Other features include the installation of many hurricane-proof windows, which slow down the ability of companies to achieve horizontal ventilation. Keep this in mind when assessing how you can compromise these windows for rescue or ventilation. Because these structures are often in shorefront communities, we often see significant exposure problems (7) Homes can be built within two feet of one another and fire can extend to other structures very quickly if not addressed early on. The close proximity of these structures can also limit the ability of laddering the structure and getting to upper floors. (Keep in mind that your go-to 24ft ladder may not reach the upper floors.) Power lines are often dead smack in front of the private dwelling, because in these areas, underground electrical vaults are often not used due to the water tables. This may limit aerial access. It should also be noted that in some cases the streets are so tight that there is no available scrub area.
In many states, the addition of residential sprinkler systems comes with wood-frame private dwellings above two stories. We cannot control these systems other than to turn them on or off—there is no fire department connection or water motor gong. The heads are often recessed in living spaces and sidewall in the podium spaces. They are identified by their orange piping and the utility for the system is often in the podium space.
A building under construction is a building under demolition. Never enter a podium wood frame private dwelling that is under construction and is sitting atop cribbing. There is often missing floor decking, joists, and integral structural elements that can precipitate collapse. There are no occupants when this structure is being raised and no utilities.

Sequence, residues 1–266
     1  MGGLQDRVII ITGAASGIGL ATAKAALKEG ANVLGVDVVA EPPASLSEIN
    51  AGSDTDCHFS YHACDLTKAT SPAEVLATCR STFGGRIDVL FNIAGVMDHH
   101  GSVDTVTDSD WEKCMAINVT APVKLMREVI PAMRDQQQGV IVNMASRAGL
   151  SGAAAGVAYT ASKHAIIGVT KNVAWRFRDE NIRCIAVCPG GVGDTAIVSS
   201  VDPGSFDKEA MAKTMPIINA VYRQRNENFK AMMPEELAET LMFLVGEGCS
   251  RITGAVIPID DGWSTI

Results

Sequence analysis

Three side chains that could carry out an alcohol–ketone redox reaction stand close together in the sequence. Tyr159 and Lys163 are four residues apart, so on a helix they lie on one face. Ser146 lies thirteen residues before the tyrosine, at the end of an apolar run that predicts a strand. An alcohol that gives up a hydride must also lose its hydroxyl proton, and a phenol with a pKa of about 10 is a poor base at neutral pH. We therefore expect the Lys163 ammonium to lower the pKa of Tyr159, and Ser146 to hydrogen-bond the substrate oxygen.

Podium wood-frame private dwellings pose many different risks to firefighters due to their construction. We must evaluate the condition and type of floor joists, the location and extent of fire, and accessible egress locations. Exposure issues must be addressed early on to avoid losing entire blocks of homes. We must preplan access in the event that the interior staircase is compromised. Do not wait until there is a fire to check out one of these structures. Go out into the community and watch the renovation from start to finish. Discuss ways to overcome limited ventilation. Most importantly, identify the use of unprotected lightweight building materials.
SALVATORE ANCONA is a deputy chief fire instructor at the Nassau County (NY) Fire Service Academy; a member of the Seaford (NY) Fire Department; a former captain and training officer for the Bellmore (NY) Fire Department; and a paramedic supervisor in Queens, New York. He has an A.S. degree in fire science from Nassau Community College and has a bachelor’s degree in fire and emergency services administration from John Jay College of Criminal justice. Ancona is the author of the building construction page “The Sons of Brannigan” on Facebook and was a recipient of the 2019 FDIC International Honeywell DuPont Scholarship.